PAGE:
Big Mistake, Big, Huge

If you have ever seen Pretty Woman, you know that one of the iconic scenes is when Julia Roberts gets turned away from a boutique on Rodeo Drive, only to return the following day to get even.

You work on commission right?  Big mistake, big, huge.  I have to go shopping now.

Pretty_Woman

Click here for the Pretty Woman Shopping Scene.

You never really expect to have such a satisfying moment in real life, but my mom actually got to get her Pretty Woman moment – protecting me.

In addition to the litany of -isms out there – racism, sexism, etc. – sizism is something very real and present.  Personally, I can think of two standout experiences I’ve had that confirmed this.  One was a disastrous visit with an ENT specialist who literally told me there was no reason to worry about my deviated septum since I had a fat face.  The other was the situation that lead to my mother channeling Ms. Roberts.

It was several months prior to my wedding and I was looking for a second reception dress.  My first dress was gorgeous, but more traditional than I thought I would go.  Also, I knew that my husband and I were getting an amazing DJ and would be dancing the night away.  Our nuptials had a peacock theme, so I loved the idea of wearing a short white dress with a feather skirt, as a not so subtle nod to the fun décor.

My wedding planner found a perfect dress at a fashionable nationwide store that caters more towards trendier clothes.  Knowing that they might not have a larger size in the store, and not wanting to waste a trip to the mall, I called ahead to see what they had in stock.  After asking if they had my size, I was rudely advised that they would never carry such a large size in the store.  Then the employee hung up before I could even get her name.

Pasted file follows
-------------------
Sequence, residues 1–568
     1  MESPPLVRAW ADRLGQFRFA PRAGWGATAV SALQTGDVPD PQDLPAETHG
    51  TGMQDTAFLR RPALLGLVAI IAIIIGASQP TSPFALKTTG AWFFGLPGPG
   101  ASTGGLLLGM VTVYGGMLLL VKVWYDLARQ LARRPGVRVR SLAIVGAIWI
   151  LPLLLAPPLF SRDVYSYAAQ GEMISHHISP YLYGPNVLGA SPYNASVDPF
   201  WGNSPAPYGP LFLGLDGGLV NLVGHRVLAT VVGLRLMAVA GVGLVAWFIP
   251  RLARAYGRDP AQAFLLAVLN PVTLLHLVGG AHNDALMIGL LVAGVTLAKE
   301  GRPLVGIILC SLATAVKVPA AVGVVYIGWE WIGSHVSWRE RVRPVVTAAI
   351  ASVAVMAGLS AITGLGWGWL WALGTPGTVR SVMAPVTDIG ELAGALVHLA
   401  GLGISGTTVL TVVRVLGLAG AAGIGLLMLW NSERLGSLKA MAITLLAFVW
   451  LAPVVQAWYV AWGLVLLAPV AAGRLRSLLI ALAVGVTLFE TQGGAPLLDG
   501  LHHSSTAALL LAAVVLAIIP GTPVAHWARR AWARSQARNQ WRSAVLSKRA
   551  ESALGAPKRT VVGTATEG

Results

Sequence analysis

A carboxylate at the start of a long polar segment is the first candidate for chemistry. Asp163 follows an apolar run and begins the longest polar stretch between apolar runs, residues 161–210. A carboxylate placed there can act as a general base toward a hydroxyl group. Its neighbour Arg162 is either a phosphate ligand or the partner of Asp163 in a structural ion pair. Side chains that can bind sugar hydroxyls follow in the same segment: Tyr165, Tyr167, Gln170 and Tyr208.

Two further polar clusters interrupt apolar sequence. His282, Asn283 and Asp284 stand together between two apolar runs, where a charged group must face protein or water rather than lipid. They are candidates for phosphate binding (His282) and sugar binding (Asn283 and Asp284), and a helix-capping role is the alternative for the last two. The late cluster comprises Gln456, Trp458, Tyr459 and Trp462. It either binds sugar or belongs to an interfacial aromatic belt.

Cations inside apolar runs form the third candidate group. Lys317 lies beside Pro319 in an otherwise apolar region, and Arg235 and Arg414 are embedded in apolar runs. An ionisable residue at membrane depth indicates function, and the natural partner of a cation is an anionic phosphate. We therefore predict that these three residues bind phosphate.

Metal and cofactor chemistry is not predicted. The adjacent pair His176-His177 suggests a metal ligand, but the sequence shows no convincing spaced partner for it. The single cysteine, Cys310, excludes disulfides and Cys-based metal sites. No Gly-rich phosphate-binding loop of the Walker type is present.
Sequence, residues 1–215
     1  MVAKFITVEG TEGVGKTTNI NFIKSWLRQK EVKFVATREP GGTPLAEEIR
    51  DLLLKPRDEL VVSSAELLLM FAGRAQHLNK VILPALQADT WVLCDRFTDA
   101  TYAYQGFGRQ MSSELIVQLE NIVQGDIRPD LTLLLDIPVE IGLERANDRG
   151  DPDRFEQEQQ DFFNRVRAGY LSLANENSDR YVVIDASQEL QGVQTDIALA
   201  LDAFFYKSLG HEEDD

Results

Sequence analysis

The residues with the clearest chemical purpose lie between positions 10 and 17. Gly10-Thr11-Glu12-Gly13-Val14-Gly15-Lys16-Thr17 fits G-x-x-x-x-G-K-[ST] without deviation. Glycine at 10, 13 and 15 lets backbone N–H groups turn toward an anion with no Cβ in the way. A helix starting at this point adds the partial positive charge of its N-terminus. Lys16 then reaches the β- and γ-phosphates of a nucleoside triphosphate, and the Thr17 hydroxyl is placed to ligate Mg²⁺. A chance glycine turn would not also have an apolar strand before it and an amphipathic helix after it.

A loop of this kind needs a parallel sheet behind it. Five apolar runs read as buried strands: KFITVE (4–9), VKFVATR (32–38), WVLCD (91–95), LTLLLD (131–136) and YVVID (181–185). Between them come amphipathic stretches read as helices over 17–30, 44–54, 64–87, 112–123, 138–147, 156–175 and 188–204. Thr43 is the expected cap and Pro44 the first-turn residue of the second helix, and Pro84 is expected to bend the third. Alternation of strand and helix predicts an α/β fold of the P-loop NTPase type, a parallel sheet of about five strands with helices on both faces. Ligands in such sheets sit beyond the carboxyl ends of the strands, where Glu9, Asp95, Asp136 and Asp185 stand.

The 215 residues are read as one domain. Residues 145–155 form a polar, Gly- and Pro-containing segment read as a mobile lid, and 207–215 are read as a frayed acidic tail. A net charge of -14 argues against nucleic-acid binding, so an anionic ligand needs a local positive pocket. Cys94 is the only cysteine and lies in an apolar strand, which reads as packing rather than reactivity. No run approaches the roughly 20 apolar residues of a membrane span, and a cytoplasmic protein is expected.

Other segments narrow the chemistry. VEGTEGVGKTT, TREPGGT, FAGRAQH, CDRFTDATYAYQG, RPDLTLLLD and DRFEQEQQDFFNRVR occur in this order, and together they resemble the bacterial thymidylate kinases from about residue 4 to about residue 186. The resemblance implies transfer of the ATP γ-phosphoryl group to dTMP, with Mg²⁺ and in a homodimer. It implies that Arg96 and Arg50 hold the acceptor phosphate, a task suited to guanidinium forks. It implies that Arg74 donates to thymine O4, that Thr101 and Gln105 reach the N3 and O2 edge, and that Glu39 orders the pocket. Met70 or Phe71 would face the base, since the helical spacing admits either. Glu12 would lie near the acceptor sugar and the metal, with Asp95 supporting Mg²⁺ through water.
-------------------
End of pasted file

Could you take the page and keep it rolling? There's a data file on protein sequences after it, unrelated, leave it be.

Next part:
I was resigned to chalking up this experience to another challenge of being a plus size girl, but my mother would not let it rest.  She, being a gorgeous and slim woman, never had experienced such blatant sizism, but was horrified that her little girl went through that.  So she dressed up in her finest clothes and jewelry, and headed out to the mall.

My mom, in no uncertain terms, advised the manager – in full earshot of other customers – that they had made a big mistake.  As an attorney with many professional friends, I could buy and sell the contents of the store many times over.  (This most certainly was an exaggeration, but she was on a roll.)  She let them know that they had forever lost us as customers and should be ashamed of how they treated me.

My mom said all the things I wish I could say for myself, and in the process demonstrated yet another reason why she is one of my heroes.  Although not personally a plus size woman, she would not stand by and allow another human be degraded for something they could not even control.  While she only set out to protect her little girl, in the process my mom taught me some important life lessons:

  • There will always be critics.  Even after having lost over 60 pounds, I am still not going to be skinny enough for some people.  But, what I have to remember is that the only person I need to answer to is myself.
  • I also learned that sometimes you need to speak up for others when they are either unable or unwilling to do so for themselves.  They are worth taking a stand for.
  • Most of all, however, this experience taught me that we have to stand up for ourselves.  Whether it be sizism, racism, bullying, or just the negative thoughts in our own heads, we can’t allow ourselves to be made to feel less.

Although I am ferociously protective of my family and friends, I admittedly have always had difficulty standing up for myself.  But after taking control of my situation, I feel stronger than ever.  And the next time something like this comes along, I know exactly how I’m going to handle it: with strength, dignity and the knowledge that I’m on the right track.

xo – SavvySleever

 

This entry was posted in Fun.

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